Re/Lab Workshop with Josh Lewis: Hand-made Film Emulsion

By in Workshops on May 28, 2016

Friday, March 4, 2016, 12-4pm 66 5th Ave, Photo Lab
Saturday, March 5, 2016, 12-4pm, 66 5th Ave, Photo Lab

Led by Josh Lewis, creator of NEGATIVLAND, Re/Lab’s hand-made film emulsion workshop was truly an experimental affair. Over the course of two days, students learned how to create a simple gelatin emulsion; an amateur version of the complex commercial versions used by companies such as Kodak and Ilford.

DAY 1:

“There’s a lot of heartbreak.” When embarking on making your own emulsion, it’s crucial to maintain a positive attitude. Even Josh, a seasoned emulsion-maker, can encounter roadblocks; but he’s keen to remind you, the fun is in the challenge. Honing your technique is critical – if you think you’ve messed up, just step back, and start again.

In a light-tight room, students gathered around, notebooks in hand, to observe Josh
as he swelled gelatin and brewed Silver Nitrate solution. Carefully talking through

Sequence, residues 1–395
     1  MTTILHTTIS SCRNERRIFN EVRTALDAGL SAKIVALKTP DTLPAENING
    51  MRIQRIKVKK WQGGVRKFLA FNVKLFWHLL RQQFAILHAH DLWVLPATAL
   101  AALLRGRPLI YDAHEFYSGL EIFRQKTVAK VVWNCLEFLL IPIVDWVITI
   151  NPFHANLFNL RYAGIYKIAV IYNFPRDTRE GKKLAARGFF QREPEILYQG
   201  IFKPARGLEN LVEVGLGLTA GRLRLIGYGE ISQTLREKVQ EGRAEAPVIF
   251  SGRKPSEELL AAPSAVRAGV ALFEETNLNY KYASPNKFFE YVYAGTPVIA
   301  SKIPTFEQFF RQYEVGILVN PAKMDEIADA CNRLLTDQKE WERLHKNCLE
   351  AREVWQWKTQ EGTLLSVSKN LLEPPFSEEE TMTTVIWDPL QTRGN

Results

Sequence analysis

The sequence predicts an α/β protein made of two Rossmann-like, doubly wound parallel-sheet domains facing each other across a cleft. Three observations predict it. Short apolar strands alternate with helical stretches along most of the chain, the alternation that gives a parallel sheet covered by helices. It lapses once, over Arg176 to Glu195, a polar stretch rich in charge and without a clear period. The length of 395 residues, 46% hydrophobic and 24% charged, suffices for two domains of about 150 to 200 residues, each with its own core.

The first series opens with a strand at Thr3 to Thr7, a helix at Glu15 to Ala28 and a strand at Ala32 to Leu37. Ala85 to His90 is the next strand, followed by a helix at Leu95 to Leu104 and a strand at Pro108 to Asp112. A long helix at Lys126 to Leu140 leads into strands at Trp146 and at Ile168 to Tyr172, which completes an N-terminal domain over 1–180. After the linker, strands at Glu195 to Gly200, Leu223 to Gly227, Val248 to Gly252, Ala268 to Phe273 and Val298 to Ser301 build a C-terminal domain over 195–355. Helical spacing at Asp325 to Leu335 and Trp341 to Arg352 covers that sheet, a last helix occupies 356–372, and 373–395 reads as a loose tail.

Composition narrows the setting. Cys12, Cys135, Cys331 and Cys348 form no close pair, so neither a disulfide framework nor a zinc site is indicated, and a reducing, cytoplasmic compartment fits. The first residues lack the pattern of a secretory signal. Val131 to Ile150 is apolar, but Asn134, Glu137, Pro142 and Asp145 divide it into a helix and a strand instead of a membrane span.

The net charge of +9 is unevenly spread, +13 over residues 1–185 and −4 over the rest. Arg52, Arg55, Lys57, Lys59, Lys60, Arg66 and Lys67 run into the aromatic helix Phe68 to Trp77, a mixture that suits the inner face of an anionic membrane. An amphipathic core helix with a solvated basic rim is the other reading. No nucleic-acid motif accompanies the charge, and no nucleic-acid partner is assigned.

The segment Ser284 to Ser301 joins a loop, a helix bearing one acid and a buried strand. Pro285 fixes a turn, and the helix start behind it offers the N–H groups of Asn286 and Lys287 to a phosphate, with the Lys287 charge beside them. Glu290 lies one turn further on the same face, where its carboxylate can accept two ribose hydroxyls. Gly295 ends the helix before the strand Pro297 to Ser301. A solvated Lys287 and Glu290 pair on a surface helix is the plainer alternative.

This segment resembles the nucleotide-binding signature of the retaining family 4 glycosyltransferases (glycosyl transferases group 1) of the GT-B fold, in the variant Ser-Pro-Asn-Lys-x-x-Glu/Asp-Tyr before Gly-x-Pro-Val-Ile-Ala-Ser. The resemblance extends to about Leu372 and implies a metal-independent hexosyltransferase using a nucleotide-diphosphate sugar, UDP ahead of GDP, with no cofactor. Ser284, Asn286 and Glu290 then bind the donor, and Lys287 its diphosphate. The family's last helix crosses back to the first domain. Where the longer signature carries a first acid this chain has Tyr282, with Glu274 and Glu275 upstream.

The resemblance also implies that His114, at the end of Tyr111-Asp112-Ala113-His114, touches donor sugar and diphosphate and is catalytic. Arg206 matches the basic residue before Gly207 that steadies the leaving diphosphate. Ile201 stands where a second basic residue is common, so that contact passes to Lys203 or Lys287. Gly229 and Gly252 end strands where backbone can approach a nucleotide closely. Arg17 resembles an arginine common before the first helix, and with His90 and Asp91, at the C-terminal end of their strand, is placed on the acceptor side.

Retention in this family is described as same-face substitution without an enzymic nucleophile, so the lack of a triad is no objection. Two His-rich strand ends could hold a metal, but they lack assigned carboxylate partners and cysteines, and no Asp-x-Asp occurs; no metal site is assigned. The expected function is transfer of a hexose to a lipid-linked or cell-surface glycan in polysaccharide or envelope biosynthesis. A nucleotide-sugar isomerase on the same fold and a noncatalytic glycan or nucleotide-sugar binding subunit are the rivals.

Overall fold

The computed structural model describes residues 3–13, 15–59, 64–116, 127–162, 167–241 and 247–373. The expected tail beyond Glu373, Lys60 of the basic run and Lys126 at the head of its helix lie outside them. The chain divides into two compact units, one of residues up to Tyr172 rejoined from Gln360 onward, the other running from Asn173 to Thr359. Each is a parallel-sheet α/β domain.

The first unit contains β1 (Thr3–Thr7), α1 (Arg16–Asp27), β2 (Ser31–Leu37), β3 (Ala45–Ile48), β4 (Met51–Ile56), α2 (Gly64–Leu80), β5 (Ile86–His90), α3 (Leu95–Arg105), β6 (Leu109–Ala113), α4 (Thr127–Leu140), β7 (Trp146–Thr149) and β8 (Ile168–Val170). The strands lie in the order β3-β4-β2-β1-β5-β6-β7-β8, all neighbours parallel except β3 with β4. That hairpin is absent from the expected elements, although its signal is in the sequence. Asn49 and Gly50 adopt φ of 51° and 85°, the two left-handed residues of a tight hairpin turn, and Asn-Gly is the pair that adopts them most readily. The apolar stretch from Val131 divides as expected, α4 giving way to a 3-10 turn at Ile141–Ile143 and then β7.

his choices, and the basic chemistry involved, Josh explained the various pros and
cons of working with a hand-made emulsion. Above all, a passion for experimentation is key.

Once the critical chemical reactions had taken place and the emulsion had ripened,
set, been washed and left to digest, it was time to start coating. With the lights off, students stretched long strips of old 16mm and 35mm film across a worktable. With a sometimes delicate, other times Jackson Pollock intensity, the emulsion was
applied to acetate film and printer paper. The coated materials were left overnight
to dry, and so concluded Day 1.


DAY 2:

Reunited in the light-tight room, students loaded the dry, coated film into an array
of 35mm cameras, and a 16mm Bolex film camera. Cameras in hand, the group headed to Washington Square Park, and spent an hour shooting a short film, and several rolls of still images.

Back in the lab, Josh carefully developed the fragile film in a special development
tank. After the film was developed, fixed, and washed, it was finally ready to be seen. The moment of truth. Hazy, fractured and cracked images rose from the 16mm film, which, when run through a projector created a short film of magnificent beauty. The 35mm film rendered one-of- a-kind portraits and abstract vignettes. Additionally, students used the coated paper to make dream-like photograms in the

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